While the concept of Social-Emotional Learning is fairly new to the general public, Voices Together has been employing it in their programs for almost sixteen years. Therapists work with students on how to identify and express their feelings–skills which can be very hard for this population–and on how to interact with others.This, in turn, helps build capacity in the classroom when students are able to express themselves. The model is dynamic and it’s integrative, working on multi-layers of skills at the same time. Each new skill builds upon the scaffolding Voices empowers individuals to craft for themselves.
At the same time, the organization itself continuously works to build upon its own scaffolding of learning and experiences. From starting out of a home music therapy studio, to getting a grant to enter the classroom, to growing across the state, Voices Together is constantly evolving.
The idea of offering virtual opportunities was already on the radar for Voices Together, but with most transformations, the process to develop them was bogged down with planning, meetings, and uncertainty. “When you have to make something work you make it work and then guess what? You discover something else,” according to White. “Something may seem like it’s urgent and stressful and awful, but in solving the problem you might find something new in there that you hadn’t thought of that we can do.” This opened up the opportunity for Voices Together to look at other things they could do that they didn’t think were possible. By quickly shifting to online programming and continuing to refine the efforts, the organization has learned that they can train completely online; how they can provide follow up material for teachers; and how they may scale the offerings to provide their program virtually across the country or across the world. They continue to develop new offerings, including the recent launch of their Music Therapy Training Institute. Adds White, “we’re in motion! It’s exciting!”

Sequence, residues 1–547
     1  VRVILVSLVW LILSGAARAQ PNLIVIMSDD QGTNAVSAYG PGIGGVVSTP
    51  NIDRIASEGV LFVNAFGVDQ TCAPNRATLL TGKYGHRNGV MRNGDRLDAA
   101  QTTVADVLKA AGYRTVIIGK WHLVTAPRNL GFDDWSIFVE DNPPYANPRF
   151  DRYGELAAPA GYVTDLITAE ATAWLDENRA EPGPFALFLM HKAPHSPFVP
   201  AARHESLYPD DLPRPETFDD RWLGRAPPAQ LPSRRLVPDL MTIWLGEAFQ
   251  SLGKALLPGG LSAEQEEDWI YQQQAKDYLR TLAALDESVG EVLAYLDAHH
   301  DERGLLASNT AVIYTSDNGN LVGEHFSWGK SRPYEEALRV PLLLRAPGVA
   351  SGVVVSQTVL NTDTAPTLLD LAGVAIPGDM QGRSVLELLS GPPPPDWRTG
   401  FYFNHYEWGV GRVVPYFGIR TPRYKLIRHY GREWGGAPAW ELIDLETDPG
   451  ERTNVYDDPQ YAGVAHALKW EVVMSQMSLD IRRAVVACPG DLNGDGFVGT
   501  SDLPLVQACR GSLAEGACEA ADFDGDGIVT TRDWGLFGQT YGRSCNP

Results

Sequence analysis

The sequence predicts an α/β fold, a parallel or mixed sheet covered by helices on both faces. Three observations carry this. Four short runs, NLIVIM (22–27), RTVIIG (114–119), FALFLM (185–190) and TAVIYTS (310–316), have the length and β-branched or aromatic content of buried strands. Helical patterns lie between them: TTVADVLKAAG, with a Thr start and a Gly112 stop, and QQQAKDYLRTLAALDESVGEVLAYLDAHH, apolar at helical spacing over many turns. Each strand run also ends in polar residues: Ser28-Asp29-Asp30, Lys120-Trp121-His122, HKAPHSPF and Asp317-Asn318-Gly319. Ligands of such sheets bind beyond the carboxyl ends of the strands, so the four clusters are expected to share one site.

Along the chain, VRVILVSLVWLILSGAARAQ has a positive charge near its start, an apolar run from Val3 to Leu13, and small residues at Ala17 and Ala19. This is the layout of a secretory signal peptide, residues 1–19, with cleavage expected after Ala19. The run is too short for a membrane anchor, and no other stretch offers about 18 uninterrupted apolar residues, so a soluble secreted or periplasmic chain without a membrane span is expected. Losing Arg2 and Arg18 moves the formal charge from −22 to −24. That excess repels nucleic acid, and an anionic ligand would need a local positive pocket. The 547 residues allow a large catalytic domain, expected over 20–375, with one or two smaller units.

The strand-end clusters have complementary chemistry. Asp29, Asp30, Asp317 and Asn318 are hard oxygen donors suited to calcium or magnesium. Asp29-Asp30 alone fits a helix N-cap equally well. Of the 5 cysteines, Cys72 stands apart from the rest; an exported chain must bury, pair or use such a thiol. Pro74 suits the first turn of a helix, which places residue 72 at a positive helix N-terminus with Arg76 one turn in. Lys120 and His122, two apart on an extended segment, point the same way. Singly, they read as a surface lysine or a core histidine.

Spend anything more than a moment talking with Yasmine about her work, and you immediately see that her passion and love for what she does is profound. Her deep philosophy from the beginning when she started this organization was that everyone should have, as a right, the ability to voice who they are, what they need and where they want to be in the world. Everyone should have the ability to take control over their own destiny. All of this has been extremely important to why Voices Together engages in this work.
The core of who you are always stays with you, no matter what your path looks like. Music has been a thread throughout Yasmine’s life and career. Bringing her passion for the arts and her love for people into a space made safe through therapeutic skills has created ways to help individuals grow and succeed; to feel successful and thrive. In each of our own existences, we build upon different experiences to get to where we are today. Nothing is ever wasted, especially when we can pull these threads, and continue to evolve.
LEARN MORE: Autism and the Power of Music
Music therapist Yasmine White shares the insights she’s developed after decades of working with children, teens and adults on the autism spectrum, both in private practice and as founder of Voices Together, a non-profit music therapy organization that brings her effective techniques to schools across North Carolina. The techniques featured in this book are designed to bring back the connection of joy, motivation, and understanding that everyone needs in order to truly grow.
As any parent of a child with autism understands, sometimes helping your child can feel overwhelmingly hard. Autism and the Power of Music helps find insightful, practical new ways for you and your child to connect through music, even when it feels difficult. Because music and language may be processed in the same hemisphere of the brain in children on the spectrum, the techniques in this book can help unlock language in an entirely new way. Music becomes a bridge to help children access language in ways other approaches cannot.
ABOUT THE AUTHOR
Sandy Cyr is the Editor-in-Chief for the Philanthropy Journal. Sandy considers herself a social justice warrior for the nonprofit sector, and in her spare time she fancies herself a farmer.